Wiston Castle is a well-preserved motte-and-bailey castle, believed to have been built sometime in the first half of the twelfth century by an early Flemish settler, Wizo (Gwys in Welsh). In 1220 the castle was captured by Llywelyn the Great, prince of Gwynedd during an early campaign in south Wales and destroyed.

Local people were later instructed to help William Marshal, the Earl of Pembroke rebuild Wiston however it is uncertain whether this rebuilding actually took place. Whatever happened after 1220, the castle was abruptly abandoned during an intermediate stage of its development.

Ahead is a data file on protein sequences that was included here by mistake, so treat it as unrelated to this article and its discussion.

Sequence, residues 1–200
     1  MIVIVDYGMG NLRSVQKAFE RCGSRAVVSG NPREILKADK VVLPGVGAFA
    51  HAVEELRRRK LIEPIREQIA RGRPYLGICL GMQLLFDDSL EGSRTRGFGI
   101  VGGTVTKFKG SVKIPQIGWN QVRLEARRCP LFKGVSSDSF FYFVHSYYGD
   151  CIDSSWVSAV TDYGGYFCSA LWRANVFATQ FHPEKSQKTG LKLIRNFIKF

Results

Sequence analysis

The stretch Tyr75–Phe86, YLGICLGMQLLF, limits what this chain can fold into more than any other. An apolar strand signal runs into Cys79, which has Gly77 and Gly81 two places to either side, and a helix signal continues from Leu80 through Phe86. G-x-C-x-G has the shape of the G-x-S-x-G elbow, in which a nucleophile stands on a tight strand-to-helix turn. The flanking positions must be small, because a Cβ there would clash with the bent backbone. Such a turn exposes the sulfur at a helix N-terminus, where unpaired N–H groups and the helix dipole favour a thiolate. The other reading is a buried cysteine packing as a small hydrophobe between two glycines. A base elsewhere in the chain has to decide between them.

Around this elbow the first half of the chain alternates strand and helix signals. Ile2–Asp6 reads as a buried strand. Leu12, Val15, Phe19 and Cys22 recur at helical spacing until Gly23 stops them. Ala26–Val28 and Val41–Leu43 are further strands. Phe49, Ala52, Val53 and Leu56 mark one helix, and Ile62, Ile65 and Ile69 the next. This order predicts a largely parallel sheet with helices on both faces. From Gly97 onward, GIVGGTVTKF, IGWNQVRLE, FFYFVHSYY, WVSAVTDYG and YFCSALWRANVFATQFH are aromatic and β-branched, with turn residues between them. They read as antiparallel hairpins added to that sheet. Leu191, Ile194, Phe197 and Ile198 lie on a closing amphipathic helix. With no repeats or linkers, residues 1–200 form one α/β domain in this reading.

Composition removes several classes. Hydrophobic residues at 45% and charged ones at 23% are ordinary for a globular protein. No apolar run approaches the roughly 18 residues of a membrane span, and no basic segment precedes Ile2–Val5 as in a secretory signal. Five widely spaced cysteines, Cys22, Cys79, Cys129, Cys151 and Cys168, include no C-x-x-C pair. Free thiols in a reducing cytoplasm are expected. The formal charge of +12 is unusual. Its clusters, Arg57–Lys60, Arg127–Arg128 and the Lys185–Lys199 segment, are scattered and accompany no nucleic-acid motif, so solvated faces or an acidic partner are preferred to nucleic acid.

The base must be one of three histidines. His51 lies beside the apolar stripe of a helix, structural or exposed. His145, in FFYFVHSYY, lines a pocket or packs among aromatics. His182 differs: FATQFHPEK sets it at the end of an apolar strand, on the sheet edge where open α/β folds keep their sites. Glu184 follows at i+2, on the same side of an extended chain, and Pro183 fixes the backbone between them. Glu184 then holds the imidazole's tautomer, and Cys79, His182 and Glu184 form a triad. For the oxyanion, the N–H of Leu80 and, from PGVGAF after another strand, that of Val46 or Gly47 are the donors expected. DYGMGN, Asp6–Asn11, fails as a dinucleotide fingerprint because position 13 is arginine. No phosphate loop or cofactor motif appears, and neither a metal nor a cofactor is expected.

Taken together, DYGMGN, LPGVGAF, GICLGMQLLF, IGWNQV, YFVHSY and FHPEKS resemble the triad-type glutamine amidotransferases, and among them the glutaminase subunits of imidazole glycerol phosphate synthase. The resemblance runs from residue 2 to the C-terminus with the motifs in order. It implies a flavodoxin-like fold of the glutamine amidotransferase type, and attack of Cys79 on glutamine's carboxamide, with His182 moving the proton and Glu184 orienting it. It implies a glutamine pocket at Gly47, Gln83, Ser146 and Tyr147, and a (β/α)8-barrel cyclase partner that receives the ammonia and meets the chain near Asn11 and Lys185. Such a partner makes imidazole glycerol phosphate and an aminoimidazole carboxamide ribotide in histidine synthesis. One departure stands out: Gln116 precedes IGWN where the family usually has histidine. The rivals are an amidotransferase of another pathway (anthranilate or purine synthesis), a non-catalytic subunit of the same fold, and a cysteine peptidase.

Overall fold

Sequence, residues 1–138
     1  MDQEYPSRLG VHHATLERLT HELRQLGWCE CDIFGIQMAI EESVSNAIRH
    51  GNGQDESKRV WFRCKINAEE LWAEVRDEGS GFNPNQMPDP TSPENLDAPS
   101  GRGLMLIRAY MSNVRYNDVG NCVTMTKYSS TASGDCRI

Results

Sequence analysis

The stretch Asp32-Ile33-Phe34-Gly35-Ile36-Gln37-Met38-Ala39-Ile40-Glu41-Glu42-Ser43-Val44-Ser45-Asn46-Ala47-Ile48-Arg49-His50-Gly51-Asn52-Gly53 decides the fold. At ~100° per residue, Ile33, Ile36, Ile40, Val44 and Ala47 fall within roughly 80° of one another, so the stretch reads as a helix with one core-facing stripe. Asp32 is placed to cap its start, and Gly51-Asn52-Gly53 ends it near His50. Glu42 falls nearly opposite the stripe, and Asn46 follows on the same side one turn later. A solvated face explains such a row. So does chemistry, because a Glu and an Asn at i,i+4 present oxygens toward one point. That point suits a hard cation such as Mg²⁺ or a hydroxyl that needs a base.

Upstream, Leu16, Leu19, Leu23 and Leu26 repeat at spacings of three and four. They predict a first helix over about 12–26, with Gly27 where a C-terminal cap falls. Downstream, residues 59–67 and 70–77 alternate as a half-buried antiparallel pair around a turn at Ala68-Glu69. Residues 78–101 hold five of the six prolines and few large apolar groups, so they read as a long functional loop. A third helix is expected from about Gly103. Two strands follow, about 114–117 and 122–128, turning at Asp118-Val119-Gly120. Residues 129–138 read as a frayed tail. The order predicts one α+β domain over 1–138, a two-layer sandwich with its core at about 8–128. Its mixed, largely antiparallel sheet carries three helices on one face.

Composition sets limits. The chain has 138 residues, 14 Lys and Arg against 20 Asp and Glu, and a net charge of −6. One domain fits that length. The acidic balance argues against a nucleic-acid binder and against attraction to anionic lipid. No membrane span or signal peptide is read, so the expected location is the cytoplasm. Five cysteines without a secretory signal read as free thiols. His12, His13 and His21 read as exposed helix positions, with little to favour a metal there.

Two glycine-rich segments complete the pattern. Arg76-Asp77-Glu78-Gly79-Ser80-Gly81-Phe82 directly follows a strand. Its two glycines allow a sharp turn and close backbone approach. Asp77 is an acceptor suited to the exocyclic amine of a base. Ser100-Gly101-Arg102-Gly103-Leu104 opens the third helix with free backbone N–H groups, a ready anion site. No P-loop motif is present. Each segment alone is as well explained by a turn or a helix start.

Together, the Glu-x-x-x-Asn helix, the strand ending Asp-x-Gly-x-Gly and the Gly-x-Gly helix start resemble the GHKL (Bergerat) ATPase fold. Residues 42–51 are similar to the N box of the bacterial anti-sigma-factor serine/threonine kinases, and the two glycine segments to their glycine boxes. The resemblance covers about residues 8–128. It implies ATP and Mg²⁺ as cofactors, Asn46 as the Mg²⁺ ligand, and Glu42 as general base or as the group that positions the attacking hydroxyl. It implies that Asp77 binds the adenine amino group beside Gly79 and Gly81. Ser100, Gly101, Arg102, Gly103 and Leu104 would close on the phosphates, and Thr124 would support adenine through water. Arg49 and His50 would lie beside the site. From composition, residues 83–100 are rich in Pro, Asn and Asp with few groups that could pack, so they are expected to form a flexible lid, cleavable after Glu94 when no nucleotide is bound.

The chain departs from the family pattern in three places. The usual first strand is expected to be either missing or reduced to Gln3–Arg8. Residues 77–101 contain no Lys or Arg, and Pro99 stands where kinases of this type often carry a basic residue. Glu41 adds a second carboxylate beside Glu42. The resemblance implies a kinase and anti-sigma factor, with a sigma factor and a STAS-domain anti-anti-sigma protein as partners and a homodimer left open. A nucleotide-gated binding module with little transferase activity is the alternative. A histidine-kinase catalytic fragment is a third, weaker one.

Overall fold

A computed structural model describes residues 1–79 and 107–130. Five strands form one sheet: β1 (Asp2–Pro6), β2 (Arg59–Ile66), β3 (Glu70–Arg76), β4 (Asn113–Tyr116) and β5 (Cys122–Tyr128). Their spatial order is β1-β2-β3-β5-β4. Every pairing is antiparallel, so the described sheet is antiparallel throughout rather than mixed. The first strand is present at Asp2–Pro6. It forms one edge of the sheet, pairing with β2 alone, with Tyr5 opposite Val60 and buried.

The original wooden tower was replaced by a stone shell-keep, but there appear to be no further masonry additions meaning that the early stonework remains clear and visible. Today Wiston Castle ranks as one of the best-preserved motte and bailey castles in Wales. The existing remains comprise a mound crowned by the ruins of a stone keep which was surrounded by a bailey. The mound rises to a height of some 40 feet, with a base circumference of about 550 feet.